- Use strong cryptography to secure maintenance and transmission of sensitive data.
- Keep sensitive information secure throughout its lifecycle.
- Once information is transmitted and decrypted, it still must be protected.
- Use industry-tested and accepted methods to safeguard and encrypt information.
- Encryption must be configured and controlled properly to protect sensitive information.
- Set up and monitor firewalls to limit access between computers on the network and the Internet.
- Establish intrusion detection and prevention systems (IDS/IPS) for unwanted activity.
- Install require antivirus and antispyware programs for remote users using the network.
- Place limits on third-party access to the network.
- Ensure design changes and changes in management decisions do not permit vulnerabilities.
- Use readily available secure communications tools pre-installed on mobile devices.
- If software offers a privacy or security feature, verify that it works as advertised.
- Test for vulnerabilities in systems as many commonly-known, reasonably foreseeable ways as possible.
- Take care to select service providers able to implement appropriate security measures.
- Require service providers to adopt reasonable security precautions.
- Verify that the information collection program is consistent with privacy and security policies.
- When using third-party software, apply security updates as they are issued.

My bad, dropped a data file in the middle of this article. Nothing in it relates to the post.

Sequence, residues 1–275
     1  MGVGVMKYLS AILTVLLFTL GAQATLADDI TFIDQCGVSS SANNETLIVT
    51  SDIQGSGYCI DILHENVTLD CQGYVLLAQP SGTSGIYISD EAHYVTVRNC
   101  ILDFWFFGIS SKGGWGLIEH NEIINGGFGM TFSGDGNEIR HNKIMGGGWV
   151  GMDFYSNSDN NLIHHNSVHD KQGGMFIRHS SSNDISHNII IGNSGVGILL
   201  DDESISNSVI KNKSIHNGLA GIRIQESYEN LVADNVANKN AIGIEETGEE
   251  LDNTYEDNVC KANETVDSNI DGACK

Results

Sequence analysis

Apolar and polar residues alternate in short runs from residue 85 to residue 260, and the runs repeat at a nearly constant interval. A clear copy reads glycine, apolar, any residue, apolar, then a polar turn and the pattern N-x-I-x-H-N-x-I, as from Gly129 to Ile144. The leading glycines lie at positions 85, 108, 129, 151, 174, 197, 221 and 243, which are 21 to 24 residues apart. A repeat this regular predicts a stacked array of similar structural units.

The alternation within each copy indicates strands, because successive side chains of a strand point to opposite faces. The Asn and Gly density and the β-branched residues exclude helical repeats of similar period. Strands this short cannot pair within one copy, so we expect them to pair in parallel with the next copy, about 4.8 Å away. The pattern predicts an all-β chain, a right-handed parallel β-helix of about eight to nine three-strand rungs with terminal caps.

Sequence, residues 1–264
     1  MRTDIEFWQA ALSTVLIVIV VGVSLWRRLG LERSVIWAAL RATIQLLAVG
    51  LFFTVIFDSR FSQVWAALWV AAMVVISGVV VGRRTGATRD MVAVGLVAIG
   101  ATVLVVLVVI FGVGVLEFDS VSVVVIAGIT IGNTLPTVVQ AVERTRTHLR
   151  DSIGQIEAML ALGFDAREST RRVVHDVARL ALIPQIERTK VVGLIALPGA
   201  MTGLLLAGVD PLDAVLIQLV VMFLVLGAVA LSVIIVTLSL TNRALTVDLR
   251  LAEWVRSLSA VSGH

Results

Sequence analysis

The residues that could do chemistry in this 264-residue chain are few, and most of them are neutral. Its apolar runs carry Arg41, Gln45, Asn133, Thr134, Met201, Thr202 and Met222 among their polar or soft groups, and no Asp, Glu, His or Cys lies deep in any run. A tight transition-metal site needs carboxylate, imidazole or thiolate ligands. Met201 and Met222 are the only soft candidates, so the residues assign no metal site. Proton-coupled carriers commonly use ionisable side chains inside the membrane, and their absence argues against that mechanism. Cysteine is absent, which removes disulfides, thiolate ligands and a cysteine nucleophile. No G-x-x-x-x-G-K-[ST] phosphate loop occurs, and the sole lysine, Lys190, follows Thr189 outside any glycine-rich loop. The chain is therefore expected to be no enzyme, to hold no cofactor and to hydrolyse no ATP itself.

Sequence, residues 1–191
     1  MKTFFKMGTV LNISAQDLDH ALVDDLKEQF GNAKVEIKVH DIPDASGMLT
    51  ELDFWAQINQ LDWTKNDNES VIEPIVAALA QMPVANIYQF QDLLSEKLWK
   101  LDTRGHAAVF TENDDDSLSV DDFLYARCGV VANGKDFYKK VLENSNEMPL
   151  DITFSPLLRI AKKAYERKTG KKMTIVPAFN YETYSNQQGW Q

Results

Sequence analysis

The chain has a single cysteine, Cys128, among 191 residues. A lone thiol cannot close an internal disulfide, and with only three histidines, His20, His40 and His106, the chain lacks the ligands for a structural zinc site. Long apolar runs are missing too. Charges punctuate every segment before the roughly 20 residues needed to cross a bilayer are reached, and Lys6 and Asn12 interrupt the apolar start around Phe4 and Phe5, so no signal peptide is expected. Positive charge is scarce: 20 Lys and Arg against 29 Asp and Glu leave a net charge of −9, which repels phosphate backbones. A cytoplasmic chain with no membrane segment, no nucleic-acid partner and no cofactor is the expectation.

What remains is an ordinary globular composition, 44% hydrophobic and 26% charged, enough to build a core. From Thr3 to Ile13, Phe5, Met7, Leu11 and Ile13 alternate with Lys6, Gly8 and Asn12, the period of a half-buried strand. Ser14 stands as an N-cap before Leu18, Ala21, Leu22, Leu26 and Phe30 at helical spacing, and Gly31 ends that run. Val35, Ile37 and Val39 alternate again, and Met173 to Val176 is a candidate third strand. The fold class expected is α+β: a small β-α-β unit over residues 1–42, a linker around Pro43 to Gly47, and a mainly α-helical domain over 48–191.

- Update and patch third-party software regularly to minimize security risks.
- Have an effective process in place to receive and address security vulnerability reports.
- Monitor usage and encryption of hard drives, laptops, flash drives, and disks.
- Implement policies for secure document and data storage and retrieval.
- Dispose of documents in a secure manner.
- Protect devices that process personal information.
- Secure sensitive information when it is outside the office.
- Acknowledge that lost or stolen laptops, external drives, and mobile devices are a major cause of lost data.
- Ensure files, drives, disks, etc. sent via ground mail or services are tracked and delivered.
- Limit instances when employees need to carry sensitive data.
- When traveling, confidential information should be kept out of sight.
- Devices with confidential information should be under lock and key when out of sight.
- No longer needed paperwork should be shredded, burned, or pulverized to be unreadable.
- Old hard drives and media with sensitive information should be professionally wiped clean.
- Have periodic independent risk assessments to keep data, reputation, and business information safe.
Richard P. Kusserow served as DHHS Inspector General for 11 years. He currently is CEO of Strategic Management Services, LLC (SM), a firm that has assisted more than 3,000 organizations and entities with compliance related matters. The SM sister company, CRC, provides a wide range of compliance tools including sanction-screening.
Copyright © 2015 Strategic Management Services, LLC. Published with permission.